April 28, 2010
Secretary of State Kate Brown
Getting Their 2 Cents Worth at Oregon’s Expense
SALEM -- I like the U.S. Postal Service. The carriers are polite, the service is great and I use it all the time.
Oregon enjoys a truly important partnership with the U.S. Postal Service. We entrust postal workers with our democracy itself. They carried 1.8 million of our ballots last fall. I’m impressed with their enthusiasm and how honored they are to be part of the process.
But why, oh why, does the Postal Service have to once again raise rates right in the middle of our May elections?
It happened last May, it’s happening again this May and - here’s the bad part -- it’s probably going to happen every May, right in the middle of our election season.
Starting May 11, the cost of a first-class stamp jumps from 42 to 44 cents. Yes, that’s after ballots go to voters but before the May 19 election deadline.
Last year, it came during one of our busiest May elections ever, causing only minimal problems, fortunately. But I worry that uncertainties about postage will complicate the process and discourage voters.
This May, we have no statewide elections but we’ll see critical elections for dozens of school boards and other special districts in all 36 counties in addition to numerous measures for cities and other jurisdictions.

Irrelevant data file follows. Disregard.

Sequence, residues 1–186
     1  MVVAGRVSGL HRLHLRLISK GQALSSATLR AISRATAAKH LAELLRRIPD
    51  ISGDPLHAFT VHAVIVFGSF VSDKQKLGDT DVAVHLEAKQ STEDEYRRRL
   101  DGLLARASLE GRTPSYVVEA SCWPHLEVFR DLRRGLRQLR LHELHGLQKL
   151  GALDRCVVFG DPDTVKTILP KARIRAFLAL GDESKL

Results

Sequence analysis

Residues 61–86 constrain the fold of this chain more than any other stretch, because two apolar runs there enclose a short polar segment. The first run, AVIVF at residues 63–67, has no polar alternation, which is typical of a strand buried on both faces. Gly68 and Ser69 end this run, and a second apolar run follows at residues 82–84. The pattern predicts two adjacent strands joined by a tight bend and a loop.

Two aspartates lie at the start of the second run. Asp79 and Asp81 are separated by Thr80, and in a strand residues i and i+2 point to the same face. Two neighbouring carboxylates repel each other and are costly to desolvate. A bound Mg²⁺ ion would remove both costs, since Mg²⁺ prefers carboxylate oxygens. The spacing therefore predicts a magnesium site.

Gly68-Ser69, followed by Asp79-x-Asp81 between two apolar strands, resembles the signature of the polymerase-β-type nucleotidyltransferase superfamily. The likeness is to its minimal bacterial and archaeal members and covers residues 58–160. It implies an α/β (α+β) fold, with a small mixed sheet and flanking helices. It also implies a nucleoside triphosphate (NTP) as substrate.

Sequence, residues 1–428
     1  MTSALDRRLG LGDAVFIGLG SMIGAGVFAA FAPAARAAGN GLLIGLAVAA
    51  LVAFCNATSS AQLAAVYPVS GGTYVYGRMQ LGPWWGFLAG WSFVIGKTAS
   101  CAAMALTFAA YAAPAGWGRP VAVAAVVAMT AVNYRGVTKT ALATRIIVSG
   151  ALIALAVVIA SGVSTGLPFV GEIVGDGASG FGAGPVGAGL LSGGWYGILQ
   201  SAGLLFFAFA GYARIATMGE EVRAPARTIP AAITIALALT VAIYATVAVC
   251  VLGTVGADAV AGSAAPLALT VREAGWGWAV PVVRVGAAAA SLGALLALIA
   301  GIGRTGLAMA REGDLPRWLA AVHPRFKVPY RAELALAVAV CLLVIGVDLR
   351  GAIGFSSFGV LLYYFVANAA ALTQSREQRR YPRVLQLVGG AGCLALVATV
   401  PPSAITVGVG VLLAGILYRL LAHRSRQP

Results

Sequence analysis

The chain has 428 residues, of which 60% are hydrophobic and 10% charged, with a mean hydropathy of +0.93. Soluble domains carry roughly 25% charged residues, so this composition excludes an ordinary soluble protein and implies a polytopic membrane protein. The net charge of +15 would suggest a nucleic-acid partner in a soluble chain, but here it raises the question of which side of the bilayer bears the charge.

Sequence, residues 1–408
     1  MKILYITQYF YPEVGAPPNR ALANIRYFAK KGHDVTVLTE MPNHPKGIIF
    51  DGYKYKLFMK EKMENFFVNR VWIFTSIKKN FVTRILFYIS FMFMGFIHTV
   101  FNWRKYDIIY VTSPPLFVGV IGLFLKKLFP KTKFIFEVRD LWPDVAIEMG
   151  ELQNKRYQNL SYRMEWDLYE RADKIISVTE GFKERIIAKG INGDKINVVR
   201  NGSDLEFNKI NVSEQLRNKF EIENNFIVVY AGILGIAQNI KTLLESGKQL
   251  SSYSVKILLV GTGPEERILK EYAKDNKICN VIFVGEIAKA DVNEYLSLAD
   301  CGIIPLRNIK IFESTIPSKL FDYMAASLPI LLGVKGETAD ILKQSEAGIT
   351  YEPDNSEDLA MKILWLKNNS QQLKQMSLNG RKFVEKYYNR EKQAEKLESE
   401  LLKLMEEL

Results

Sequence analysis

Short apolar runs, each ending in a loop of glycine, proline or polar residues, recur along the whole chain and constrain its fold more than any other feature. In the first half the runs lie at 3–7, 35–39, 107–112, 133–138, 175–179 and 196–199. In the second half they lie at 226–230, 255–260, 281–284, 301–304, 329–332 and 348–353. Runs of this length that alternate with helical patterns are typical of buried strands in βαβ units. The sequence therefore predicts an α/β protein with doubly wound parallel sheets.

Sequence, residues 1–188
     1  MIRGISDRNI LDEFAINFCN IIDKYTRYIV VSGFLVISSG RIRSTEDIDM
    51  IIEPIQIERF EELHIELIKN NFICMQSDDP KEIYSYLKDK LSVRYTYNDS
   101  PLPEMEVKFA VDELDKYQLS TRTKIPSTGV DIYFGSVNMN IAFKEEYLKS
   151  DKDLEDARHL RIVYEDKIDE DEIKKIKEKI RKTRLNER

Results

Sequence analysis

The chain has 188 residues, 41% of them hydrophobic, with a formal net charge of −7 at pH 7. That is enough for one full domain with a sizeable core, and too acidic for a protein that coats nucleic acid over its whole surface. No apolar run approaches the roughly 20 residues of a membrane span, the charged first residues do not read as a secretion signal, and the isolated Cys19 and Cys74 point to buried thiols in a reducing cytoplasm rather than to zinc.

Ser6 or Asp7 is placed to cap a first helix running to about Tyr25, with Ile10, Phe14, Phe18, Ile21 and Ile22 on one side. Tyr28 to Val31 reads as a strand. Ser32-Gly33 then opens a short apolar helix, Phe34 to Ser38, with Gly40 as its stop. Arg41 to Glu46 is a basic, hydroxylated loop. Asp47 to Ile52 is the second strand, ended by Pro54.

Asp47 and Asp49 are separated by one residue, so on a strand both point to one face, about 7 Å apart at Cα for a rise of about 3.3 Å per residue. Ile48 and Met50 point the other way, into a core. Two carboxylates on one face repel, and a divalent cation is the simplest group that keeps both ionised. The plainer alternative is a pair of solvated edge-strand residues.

We’ll try to get the word out to every voter: Mail your ballot before May 11 and it costs 42 cents. Mail it May 11 or later, it costs 44 cents. Remember there’s no charge for dropping off ballots at one of your county’s official drop-off sites or the county elections office.
These increases may become common. The Postal Service reviews rates annually and implements increases, if needed, each May. If there’s no increase in costs there will be no increase in rates but I wouldn’t hold my breath waiting for that to happen.
It’s not that the USPS doesn’t like elections. They just started an online election to find the most popular character on the The Simpsons, helping launch a new 44-cent stamp honoring the TV family.
I sympathize when the USPS says there’s no good time of year for an increase. It’s not a coincidence that increases come only after Mother’s Day. Is it just bad luck that the increase will always fall smack dab in the middle of election season in the only state that conducts all its elections by mail?
Or can something be done? I can’t see the harm in a mid-summer or early January increase. They’re both outside the political season and wouldn’t interfere with the ever-popular New Year’s Day cards.
As Oregon’s Secretary of State, I remain committed to making our voting system as accessible as possible to all eligible voters. The Postal Service has been a vital player in our vote-by-mail system and I respect the demands on their system. But in this case, their needs don’t coincide with ours.
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